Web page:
The View From my Kitchen Window
Wendy Whitehorn-Dr. Dirt
Summer is here! I went to the Westside Orchard Garden last Saturday to volunteer on their workday, and the Russian olive trees were in bloom. For me, their heady, delightful fragrance means summer has arrived. If I could bottle that scent I would wear it for perfume all year and be reminded of summer in January. Did you know that Russian olive trees are now classified by Montana as a noxious weed, and you can't buy them in nurseries anymore? Seems they tend to "volunteer" and take over some areas, especially along waterways, and can choke out native vegetation. Those trees were planted in windbreaks in large numbers by early Montana settlers because they are extremely hardy and can withstand Montana's harsh climate and thrive. My parents had rows of them on the farm, and that's where I fell in love with the fragrance of their tiny yellow flowers.
There are two kinds of volunteers. The first is a person who performs or gives his or her services of his or her own free will with no expectation of financial reimbursement. Donating your time and energy to help out a not-for-profit organization is volunteering. Helping your neighbor with yard work is volunteering. Offering to drive your kids’ friends to soccer practice is volunteering. The second kind of volunteer is when a plant grows from self-sown or accidentally dropped seed. My chamomile in the garden is a great example of volunteer plants. The first type of volunteer is almost always wanted, needed, and appreciated. For everything from the Red Cross to Hospice to the Westside Orchard Garden, volunteers give of their time and energy to make this world a better place to live. Volunteers in the garden can be a blessing or a curse, or both.
These are some of the volunteers I’ve found in my garden this year, besides the chamomile: lettuce, spinach, cilantro, dill, alfalfa, clover, cosmos, California poppy, love-in-a-mist, sunflowers, calendula, Echinacea, Bells of Ireland, borage, fanweed, lamb’s quarters, kochia, cheat grass, dandelion, and a few unidentified plants (aka weeds). Whew.
When I grew for Farmer’s Market the volunteer spinach and lettuce was always earlier than anything I could plant, and I often had those greens to take to the first market of the year. I also love to plant big sunflowers to give the birds some cheap (cheep?) food over the fall and winter. The only problem is that the birds never eat all the seed, and that seed germinates where ever it falls and grows baby sunflowers all over the garden. I used to leave some to grow (another plant that once you have it you can always have it), but it was taking over parts of my garden and I’ve had to get ruthless and pull out every little sunflower I find in order to have room to grow other things. Sunflowers grow tall, shade out smaller plants, and have an allelopathic property that inhibits other plants in their vicinity. Cilantro is also a vigorous grower and can take over an area if left to go to seed. The difficulty in ripping out all the cilantro is that the flowers of the Umbelliferae (cilantro, parsley, dill, and many more) are beloved by pollinators and therefore are very beneficial in the garden. Well, maybe I could leave a few. Years ago I planted Bells of Ireland to add to my flower bouquets for market. They are a lovely green flower spike that adds interest to the bouquets, and I thought I’d try them. They grew very well, but the seed catalogs didn’t say that they grow nasty thorns on the stems that should be cut off if people weren’t going to be in danger of impaling themselves. That was too much work, so I never intentionally planted them again. The key word here is “intentionally.” Several years after that first planting I am still finding the occasional Bells of Ireland seedling. Being ruthless, I pull them out before those horrific spikes can appear.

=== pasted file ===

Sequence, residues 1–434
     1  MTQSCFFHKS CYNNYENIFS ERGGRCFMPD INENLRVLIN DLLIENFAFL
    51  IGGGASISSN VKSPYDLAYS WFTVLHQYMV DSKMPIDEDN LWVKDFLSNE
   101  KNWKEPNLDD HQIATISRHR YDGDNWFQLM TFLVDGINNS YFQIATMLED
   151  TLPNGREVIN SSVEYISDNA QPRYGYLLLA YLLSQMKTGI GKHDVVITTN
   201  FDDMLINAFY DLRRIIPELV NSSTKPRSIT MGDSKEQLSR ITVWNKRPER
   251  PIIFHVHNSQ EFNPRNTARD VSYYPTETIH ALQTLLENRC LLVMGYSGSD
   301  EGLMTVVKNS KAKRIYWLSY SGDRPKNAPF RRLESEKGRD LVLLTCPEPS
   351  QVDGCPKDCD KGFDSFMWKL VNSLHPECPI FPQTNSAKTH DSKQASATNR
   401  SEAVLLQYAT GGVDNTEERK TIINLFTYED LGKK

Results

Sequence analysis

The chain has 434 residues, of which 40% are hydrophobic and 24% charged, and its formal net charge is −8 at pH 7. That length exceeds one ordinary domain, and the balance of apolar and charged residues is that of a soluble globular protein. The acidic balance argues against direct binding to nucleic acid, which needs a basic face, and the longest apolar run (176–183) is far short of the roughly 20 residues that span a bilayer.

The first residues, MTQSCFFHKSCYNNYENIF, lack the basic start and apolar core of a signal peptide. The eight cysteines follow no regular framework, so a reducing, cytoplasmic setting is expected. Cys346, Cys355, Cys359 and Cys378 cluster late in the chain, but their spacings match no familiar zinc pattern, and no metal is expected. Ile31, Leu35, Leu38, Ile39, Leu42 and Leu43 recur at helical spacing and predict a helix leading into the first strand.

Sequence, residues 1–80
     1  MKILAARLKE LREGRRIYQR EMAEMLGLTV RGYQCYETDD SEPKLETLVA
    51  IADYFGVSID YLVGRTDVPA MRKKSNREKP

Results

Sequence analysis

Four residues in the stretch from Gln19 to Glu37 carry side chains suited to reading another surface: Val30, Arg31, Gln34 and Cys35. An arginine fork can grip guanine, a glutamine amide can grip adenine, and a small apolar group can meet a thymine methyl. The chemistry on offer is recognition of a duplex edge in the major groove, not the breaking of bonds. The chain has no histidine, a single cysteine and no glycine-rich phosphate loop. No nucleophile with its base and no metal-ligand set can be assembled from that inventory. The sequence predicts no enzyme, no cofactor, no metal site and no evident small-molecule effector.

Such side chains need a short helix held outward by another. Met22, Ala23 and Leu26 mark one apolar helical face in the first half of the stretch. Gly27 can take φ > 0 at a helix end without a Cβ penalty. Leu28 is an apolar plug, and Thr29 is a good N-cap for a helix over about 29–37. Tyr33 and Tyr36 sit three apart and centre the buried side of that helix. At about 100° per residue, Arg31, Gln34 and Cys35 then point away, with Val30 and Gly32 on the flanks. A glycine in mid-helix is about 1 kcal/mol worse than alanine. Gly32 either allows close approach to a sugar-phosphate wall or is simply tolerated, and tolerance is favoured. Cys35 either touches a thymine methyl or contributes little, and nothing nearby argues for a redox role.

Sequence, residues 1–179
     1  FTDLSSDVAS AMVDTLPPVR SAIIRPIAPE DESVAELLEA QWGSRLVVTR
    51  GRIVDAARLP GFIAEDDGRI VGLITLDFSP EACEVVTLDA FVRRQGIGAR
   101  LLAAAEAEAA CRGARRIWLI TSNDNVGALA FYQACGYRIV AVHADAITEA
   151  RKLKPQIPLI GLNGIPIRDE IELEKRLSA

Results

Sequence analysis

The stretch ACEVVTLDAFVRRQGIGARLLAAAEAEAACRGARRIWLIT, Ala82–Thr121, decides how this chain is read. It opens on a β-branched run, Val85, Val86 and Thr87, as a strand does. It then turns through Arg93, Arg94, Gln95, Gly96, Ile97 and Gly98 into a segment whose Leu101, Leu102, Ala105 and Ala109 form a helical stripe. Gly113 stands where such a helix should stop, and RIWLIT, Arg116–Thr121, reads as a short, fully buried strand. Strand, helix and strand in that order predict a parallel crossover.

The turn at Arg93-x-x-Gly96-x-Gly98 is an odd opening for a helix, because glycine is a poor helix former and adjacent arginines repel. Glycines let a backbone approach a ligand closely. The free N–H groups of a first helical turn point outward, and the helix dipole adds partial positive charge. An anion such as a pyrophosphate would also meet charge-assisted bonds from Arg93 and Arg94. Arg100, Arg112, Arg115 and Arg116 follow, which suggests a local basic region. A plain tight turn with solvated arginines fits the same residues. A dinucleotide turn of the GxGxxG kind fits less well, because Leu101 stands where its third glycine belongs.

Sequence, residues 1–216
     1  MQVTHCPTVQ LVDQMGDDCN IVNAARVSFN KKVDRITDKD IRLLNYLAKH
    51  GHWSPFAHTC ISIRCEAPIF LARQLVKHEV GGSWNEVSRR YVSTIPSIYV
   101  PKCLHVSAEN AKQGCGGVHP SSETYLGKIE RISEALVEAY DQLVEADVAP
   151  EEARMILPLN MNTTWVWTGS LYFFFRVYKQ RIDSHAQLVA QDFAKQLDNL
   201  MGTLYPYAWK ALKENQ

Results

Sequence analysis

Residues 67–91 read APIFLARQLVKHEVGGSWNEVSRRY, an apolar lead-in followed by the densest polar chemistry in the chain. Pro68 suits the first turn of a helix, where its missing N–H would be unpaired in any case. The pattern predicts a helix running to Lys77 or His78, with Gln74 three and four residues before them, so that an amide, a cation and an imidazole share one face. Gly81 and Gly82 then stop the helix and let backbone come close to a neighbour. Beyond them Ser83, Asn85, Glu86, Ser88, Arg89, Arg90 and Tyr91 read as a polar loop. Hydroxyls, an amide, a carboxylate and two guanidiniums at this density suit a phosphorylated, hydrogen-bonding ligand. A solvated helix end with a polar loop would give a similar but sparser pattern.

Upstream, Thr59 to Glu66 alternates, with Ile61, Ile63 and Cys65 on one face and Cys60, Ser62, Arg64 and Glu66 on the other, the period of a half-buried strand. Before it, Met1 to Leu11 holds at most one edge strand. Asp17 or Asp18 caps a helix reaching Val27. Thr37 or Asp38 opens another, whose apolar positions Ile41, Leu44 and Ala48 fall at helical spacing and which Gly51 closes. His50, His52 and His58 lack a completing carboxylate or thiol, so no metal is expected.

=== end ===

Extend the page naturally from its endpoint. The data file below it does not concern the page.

I could go on about the relative benefit or detriment of various “volunteers” in my garden, but I think you get the idea. Lamb’s quarters (or pigweed) can be eaten as a substitute for spinach or chard, and even kochia seedlings can break up hard soil and leave it more friable and workable, and it was introduced in this country as cattle forage. It’s all a gray area. Maybe you’re cutting calendula flowers to make a healing salve this year, so let those seedlings grow! Echinacea is a native Montana medicinal herb used by Native Americans for its immune system and healing properties, so dig one up and dry the roots to save for cold season. Maybe you LOVE cilantro and don’t care that you have a 20 square foot patch of it. It’s really your call. While you’re contemplating the relative value of the volunteers in your garden, contemplate the value of offering your time to your favorite not-for-profit organization or your neighbor, and then go do it. A little bit of volunteering can go a long way.
Happy gardening and happy volunteering!
PS I'm having trouble getting my photos into this blog, so if anyone wants to volunteer to tutor me I would appreciate the help!